Thursday, August 26, 2010
Young Marble Giants - Salad Days
I found this one in, of all places, Nashville, Tennessee.
I was in Nashville for the very first time for a conference back in 2002, staying at the Opryland Hotel. Back then, I had no strong affinity for country music. I don't know if you've ever been to Nashville, but if you haven't, let me let you in on a little secret - practically the ENTIRE TOWN is devoted to country music. It's everywhere, especially where I was staying - banjo music is piped nonstop through the building, the lobby features exhibits from the Grand Old Opry (stuff like Minnie Pearl's hat), and that country theme is even embedded in the décor of the place. Needless to say, after a day or so there, I was starting to freak. A little of that kind of music goes a long way for me, so being immersed in it was getting to be a bit much.
On the second day of the conference, I fled the building, desperately trying to find anywhere, anyplace that had that whole country schtick toned down even a little bit. I found myself at, of all places, Opry Mills Mall nearby - maybe not the best choice, but all that I could get to at that moment. The place was fairly generic, as far as malls go, except for, once again, the hillbilly Muzak that was apparently ubiquitous with the region. However, I saw a store in the mall that appeared to offer some salvation - the local Virgin Megastore. I practically ran there, figuring that if there was any cool music being played in Nashville, it would be in there.
And sure enough, stepping through the door was like stepping through a bubble, shutting out the countrified outside world. Stereolab was being played over the store speakers, the cashiers all had visible tattoos and/or piercings - I felt like I was back in 'civilization' again, or what I considered to be civilization . . .
I killed some time by going through Virgin's stacks (guess what was the largest section in the store . . .). I wasn't really looking for anything, but as I ran through the "Y"s in the Rock section, I recalled that one of Kurt Cobain's favorite bands was a short-lived Welsh post-punk group called Young Marble Giants. Shockingly, the store had a single copy of one of the band's albums available, Salad Days. I really didn't know anything about them, but Cobain's word was good enough for me - I purchased it.
Young Marble Giants was formed in Cardiff, Wales in 1978, and was made up of brothers Stuart (on guitar and organ) and Philip Moxham (on bass) and singer Alison Stratton. Being from the comparative outback, as far as music was concerned, Young Marble Giants developed their own distinctive, stripped-down sound, far removed from anything coming out of London's post-punk scene at the time. They first appeared on a local compilation album, Is The War Over?, in October 1979, and from the strength of their contribution, were immediately signed to Rough Trade Records. Their only album on Rough Trade, Colossal Youth, was released the following February, followed by two EPs, the Final Day EP in June 1980 and the Testcard EP in March 1981. But by the time Testcard was released, Young Marble Giants had broken up.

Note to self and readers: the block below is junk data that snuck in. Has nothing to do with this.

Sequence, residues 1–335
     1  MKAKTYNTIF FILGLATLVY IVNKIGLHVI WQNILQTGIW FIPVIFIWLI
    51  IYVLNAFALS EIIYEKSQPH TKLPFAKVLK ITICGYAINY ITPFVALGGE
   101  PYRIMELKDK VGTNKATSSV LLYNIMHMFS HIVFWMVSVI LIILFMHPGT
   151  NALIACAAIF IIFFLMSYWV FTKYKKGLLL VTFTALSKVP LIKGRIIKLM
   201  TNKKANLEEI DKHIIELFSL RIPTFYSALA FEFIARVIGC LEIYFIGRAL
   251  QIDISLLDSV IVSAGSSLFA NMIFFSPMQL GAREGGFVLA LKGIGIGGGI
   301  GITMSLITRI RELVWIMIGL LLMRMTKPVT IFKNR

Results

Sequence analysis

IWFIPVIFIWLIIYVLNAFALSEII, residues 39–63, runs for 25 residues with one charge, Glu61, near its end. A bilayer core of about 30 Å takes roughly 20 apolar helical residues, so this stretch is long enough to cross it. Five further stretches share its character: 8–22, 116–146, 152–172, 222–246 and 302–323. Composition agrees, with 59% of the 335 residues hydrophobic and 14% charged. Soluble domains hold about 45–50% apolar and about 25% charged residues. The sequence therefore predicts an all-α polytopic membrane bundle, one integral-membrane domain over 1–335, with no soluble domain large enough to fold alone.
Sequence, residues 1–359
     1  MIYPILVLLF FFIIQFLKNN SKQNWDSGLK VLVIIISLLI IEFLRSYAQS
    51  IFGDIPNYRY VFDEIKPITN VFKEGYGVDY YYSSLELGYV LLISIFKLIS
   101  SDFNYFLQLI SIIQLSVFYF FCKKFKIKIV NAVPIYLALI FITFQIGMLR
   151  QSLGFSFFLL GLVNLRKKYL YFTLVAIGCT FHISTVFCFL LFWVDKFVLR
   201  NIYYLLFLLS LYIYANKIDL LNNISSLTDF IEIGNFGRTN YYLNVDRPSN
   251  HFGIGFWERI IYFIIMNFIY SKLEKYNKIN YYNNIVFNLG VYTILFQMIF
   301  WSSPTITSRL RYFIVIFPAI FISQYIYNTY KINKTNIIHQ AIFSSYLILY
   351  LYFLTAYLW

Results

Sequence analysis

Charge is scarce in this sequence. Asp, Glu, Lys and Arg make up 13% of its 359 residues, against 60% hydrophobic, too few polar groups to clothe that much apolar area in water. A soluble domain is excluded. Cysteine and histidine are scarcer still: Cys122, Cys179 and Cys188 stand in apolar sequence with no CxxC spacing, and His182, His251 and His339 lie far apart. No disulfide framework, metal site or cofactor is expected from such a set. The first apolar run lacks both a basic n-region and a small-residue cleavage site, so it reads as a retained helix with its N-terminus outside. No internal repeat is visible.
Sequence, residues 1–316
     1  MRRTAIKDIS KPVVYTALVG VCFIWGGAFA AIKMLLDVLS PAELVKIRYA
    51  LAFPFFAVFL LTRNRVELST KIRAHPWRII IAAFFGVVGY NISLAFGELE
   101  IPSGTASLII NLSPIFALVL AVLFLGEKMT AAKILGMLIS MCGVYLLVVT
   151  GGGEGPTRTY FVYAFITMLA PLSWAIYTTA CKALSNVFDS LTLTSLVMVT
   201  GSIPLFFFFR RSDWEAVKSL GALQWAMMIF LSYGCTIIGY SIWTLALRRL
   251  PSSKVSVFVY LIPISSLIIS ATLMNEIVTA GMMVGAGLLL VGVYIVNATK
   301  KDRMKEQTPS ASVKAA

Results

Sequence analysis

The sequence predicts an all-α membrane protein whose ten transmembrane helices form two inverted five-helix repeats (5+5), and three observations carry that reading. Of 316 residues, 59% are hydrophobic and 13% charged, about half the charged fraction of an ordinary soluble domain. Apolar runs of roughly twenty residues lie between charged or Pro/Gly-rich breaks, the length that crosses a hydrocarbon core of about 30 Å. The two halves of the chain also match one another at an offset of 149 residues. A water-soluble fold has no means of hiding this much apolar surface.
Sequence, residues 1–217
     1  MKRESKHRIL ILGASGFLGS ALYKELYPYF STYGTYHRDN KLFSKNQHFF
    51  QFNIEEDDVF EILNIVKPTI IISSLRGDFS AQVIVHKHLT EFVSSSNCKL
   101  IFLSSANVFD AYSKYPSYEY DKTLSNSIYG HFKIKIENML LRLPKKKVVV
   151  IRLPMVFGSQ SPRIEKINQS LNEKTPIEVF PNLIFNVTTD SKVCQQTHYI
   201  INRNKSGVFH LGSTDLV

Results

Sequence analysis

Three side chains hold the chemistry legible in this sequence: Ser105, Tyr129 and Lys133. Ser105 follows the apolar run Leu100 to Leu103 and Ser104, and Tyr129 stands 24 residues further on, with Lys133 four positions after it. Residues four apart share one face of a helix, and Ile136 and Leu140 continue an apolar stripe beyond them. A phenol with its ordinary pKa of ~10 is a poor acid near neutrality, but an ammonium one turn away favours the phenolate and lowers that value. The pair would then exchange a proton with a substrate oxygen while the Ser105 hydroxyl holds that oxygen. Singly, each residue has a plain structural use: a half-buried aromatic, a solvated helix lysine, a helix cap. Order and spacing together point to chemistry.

The album Salad Days was released on obscure label Vinyl Japan (UK) Ltd. in 2000. The fifteen songs contained on this album are essentially demos and home recordings of songs that eventually ended up on the band's album and EPs. Salad Days is Young Marble Giants distilled down to their essence. The sound of these recordings are not as full as the final products would be, but their very primitive, lo-fi quality makes them more immediate and intimate. For example, of the two versions of "Brand New Life" I own on Colossal Youth and Salad Days, I prefer the latter version - the minimalism of the Salad Days version, in my opinion, strengthens the song. Usually a band's release of early demos is pretty useless, and of interest only to hard-core fans; this album is one of the few demo collections that stands toe-to-toe with the band's other recordings.
Since the breakup of Young Marble Giants in 1981, Stuart Moxham has continued making music in the indie genre, both solo and with other artists (most significantly with Barbara Manning in her 1993 release Barbara Manning Sings With The Original Artists). Alison Stratton and Philip Moxham recruited other musicians and quickly formed a jazz-influenced combo called Weekend, which released an acclaimed album, La Variete, in 1982. After Weekend disbanded in 1983, Philip Moxham moved into more mainstream alternative territory, playing bass for Everything But The Girl and The Communards.
However, in 2003, the trio reunited for a one-off radio special in Wales. Since then, they have appeared together as Young Marble Giants sporadically, most recently in 2009. There are rumors of a new album now and then, but nothing has come of that thus far.
Until that occurs, enjoy this copy of Salad Days. If you have Colossal Youth, compare the sound of the two. I believe that, like me, you'll come to appreciate and enjoy them both. Let me know what you think.
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